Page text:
Study: Light drinking raises breast-cancer risk|
Study: Light drinking raises breast-cancer risk
By Misti Crane
As few as three drinks a week can increase a woman’s risk of developing breast cancer, according to a study published today.
The information comes from the Nurses’ Health Study, which followed nearly 106,000 women from 1980 until 2008.
The relationship between alcohol and breast cancer already is established. But this large study shows a link between lighter drinking — levels that many women have been told will help their hearts — and increased risk of the disease.
The research appears in this week’s Journal of the American Medical Association.
For women who had one drink a day, the risk was about 1.2 times higher than expected, and their 10-year risk increased from 2.8 percent to 3.5 percent. For women who drank two or more drinks a day, the risk was about 1.5 times higher, corroborating previous research linking higher consumption with breast cancer.
Even as experts welcome more data on the connection between alcohol and breast cancer, they caution that the study isn’t enough to drastically change the advice doctors give women, particularly considering the cardiovascular benefits of light drinking.
Furthermore, the study provides no evidence that quitting drinking will do a lighter drinker any good.
“Basically this stuff leads to more confusion,” said Dr. Peter Shields, deputy director of the Ohio State University Comprehensive Cancer Center and president of the American Society of Preventive Oncology.
Shields said it might provide food for thought for women who know they’re at an elevated risk of developing breast cancer, especially those who’ve already had the disease once.
“An individual will need to weigh the modest risks of light to moderate alcohol use on breast cancer development against the beneficial effects on cardiovascular disease to make the best personal choice,” the study authors wrote.
They found a modest association between binge drinking and breast cancer. That’s something that might be useful for younger women to know, said Dr. Angie Larsen, a breast surgical oncologist at Mount Carmel St. Ann’s hospital.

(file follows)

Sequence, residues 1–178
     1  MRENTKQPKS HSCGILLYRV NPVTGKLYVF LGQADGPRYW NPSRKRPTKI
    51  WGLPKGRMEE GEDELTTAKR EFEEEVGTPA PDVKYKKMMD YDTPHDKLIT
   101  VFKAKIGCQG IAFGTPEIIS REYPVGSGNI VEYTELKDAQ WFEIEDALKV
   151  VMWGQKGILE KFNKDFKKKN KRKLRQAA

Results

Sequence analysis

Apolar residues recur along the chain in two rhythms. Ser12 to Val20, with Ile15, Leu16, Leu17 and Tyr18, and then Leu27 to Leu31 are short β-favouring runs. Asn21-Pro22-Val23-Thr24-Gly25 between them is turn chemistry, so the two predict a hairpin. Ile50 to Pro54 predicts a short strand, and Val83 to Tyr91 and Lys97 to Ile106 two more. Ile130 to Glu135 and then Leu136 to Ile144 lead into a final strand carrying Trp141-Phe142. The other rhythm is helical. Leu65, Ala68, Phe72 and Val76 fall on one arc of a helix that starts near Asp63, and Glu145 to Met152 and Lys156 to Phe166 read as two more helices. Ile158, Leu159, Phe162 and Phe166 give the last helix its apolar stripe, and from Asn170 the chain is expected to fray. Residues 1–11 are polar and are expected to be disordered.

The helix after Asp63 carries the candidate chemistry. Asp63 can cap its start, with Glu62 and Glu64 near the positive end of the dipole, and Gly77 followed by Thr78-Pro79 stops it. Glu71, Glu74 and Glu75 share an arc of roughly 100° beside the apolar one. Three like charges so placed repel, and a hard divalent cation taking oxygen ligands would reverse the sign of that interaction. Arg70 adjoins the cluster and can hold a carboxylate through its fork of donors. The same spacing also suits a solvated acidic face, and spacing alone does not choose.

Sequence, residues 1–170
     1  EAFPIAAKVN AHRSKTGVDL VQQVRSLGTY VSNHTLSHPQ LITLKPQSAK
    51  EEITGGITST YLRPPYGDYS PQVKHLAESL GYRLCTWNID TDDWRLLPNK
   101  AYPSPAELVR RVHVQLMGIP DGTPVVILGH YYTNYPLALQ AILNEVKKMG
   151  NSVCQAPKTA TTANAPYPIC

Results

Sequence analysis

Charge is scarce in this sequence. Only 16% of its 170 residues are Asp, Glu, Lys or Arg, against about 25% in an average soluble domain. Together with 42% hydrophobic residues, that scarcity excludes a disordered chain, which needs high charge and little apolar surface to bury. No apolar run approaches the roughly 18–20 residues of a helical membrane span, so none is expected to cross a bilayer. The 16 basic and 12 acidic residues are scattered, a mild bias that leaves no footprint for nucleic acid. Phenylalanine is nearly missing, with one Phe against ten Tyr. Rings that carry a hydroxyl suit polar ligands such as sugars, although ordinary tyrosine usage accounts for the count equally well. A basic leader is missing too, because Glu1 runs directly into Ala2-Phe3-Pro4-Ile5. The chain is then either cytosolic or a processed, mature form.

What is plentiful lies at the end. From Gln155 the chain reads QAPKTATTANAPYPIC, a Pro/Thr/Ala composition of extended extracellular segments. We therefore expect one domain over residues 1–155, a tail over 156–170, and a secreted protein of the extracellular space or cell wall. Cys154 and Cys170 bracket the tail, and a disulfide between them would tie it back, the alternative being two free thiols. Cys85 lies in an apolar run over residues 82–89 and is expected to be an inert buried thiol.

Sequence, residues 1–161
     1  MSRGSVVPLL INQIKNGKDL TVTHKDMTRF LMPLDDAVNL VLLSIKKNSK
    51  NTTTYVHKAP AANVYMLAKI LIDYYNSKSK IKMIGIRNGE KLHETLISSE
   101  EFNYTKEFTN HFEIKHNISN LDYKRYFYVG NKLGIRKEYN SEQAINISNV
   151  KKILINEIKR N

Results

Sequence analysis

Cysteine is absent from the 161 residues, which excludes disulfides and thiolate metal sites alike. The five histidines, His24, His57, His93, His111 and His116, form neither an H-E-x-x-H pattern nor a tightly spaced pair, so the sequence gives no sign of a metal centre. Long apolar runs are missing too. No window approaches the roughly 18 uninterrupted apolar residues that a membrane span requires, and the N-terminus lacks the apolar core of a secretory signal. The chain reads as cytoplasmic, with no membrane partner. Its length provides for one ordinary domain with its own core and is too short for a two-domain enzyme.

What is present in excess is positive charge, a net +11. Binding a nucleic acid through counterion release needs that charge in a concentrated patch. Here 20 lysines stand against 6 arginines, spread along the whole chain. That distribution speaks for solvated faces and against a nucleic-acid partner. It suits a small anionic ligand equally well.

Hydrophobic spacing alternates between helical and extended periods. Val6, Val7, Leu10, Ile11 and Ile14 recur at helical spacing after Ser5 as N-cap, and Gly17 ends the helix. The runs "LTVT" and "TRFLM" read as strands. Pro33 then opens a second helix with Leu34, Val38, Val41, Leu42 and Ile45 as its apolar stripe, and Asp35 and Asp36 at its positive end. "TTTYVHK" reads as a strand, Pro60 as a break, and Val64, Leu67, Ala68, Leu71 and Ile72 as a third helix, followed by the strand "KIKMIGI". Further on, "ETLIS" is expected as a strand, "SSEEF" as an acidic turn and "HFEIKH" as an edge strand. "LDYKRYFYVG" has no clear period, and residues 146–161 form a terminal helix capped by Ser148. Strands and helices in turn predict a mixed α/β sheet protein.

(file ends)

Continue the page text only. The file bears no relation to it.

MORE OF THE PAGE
Larsen said the study also, importantly, confirmed that cumulative alcohol consumption during a woman’s lifetime plays a role in cancer risk.
“We do know the more you drink throughout your life — your total alcohol consumption — can have an impact on your risk,” she said.
It’s important to remember that alcohol consumption is just one risk factor among several, said Dr. Mark Cripe, program director of the breast surgery fellowship at Grant Medical Center.
Staying at a healthy weight after menopause, exercising and eating a low-fat diet all can reduce risk, he said.
Cripe said one interesting finding in the study was that frequency of drinking wasn’t important — that six half glasses of wine six days in a row was no different than three glasses on the weekend.
Scientists don’t know exactly how alcohol contributes to cancer, but the study authors said that one probable explanation would be that alcohol affects estrogen levels. The study found no difference based on the type of alcohol.
In an editorial that accompanied the research, Dr. Steven Narod of the Women’s College Research Institute in Toronto said that the research probably isn’t applicable to women of any age, only those with postmenopausal breast cancers.
“However, this should not imply that alcohol use in the early adult years is innocuous,” he said. Narod suggested more research into the risks and benefits of light to moderate drinking.